According to Erickson, how can conflict in the first stage of development be resolved?

Expert Answers

An illustration of the letter 'A' in a speech bubbles

This is the first, foundational stage in a person's development and occurs between birth and eighteen months. At this point, according to Erickson, an individual develops his or her basic orientation toward the world. Do they trust the world as a safe place where their needs are met? Do they...

Unlock
This Answer Now

Start your 48-hour free trial to unlock this answer and thousands more. Enjoy eNotes ad-free and cancel anytime.

Start your 48-Hour Free Trial

This is the first, foundational stage in a person's development and occurs between birth and eighteen months. At this point, according to Erickson, an individual develops his or her basic orientation toward the world. Do they trust the world as a safe place where their needs are met? Do they develop hope? This is resolved in a positive way if the infant is given consistent care and has their basic needs met in a reliable way. If the child is fed when hungry, comforted when frightened, and given loving attention, he or she will develop a foundation of trust in the world and hope for the future.

However, this first stage can be resolved in a negative way as well: if the child's needs are not met consistently or if he or she is not treated lovingly or given positive attention, this individual will become anxious and distrustful of the world. This person will feel less optimistic and have a harder time developing relationships because of not being able to believe that people will be there or be reliable.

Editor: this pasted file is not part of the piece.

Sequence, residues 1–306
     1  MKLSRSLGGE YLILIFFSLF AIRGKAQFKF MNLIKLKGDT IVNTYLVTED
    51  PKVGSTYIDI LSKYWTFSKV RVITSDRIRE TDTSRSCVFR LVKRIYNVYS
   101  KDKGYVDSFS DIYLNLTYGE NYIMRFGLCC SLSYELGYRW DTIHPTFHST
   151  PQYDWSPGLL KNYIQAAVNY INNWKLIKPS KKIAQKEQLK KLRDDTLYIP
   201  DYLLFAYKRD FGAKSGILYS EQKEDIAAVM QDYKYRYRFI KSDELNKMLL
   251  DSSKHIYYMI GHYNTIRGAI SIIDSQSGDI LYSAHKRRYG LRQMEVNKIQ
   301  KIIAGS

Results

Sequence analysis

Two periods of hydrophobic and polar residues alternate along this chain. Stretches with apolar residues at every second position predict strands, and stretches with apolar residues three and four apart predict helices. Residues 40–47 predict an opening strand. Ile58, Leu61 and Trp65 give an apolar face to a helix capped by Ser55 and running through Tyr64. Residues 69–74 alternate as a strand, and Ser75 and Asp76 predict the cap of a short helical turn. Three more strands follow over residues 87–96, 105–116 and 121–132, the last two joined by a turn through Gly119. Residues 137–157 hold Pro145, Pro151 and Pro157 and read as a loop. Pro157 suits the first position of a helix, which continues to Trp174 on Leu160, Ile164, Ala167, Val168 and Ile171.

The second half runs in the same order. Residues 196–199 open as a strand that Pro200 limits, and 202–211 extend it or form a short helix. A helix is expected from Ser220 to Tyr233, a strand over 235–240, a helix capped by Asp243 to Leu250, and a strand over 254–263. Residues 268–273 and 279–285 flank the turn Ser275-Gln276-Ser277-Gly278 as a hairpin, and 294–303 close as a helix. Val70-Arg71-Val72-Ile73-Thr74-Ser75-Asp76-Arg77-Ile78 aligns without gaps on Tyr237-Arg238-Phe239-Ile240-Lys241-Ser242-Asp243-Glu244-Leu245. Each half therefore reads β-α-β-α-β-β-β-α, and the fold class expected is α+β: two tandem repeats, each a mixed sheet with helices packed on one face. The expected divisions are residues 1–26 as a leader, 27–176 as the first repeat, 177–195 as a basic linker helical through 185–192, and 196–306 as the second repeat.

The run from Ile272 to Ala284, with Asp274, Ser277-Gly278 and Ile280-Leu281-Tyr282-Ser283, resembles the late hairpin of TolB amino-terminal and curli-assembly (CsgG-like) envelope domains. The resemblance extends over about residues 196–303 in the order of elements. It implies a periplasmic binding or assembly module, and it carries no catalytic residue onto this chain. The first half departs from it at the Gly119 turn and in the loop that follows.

Approved by eNotes Editorial Team
An illustration of the letter 'A' in a speech bubbles

The first stage within Erikson's theory of psychosocial development occurs from birth to approximately one year of age and is known as trust vs. mistrust. During this stage, an infant experiences the conflict of whether to trust or to not trust that his or her caregiver(s) will take care of his or her needs. This particular conflict can be resolved in two different ways. The first, more desirable, way is that the infant learns to trust his or her caregiver(s) once the infant experiences his or her needs being met on a consistent basis. The less desirable outcome is that the infant develops a sense of mistrust due to his or her caregiver(s) being emotionally unavailable or not providing consistent care. Although there are two ways to resolve the conflict of this stage, the successful resolution results in the infant developing a sense of trust.

Approved by eNotes Editorial Team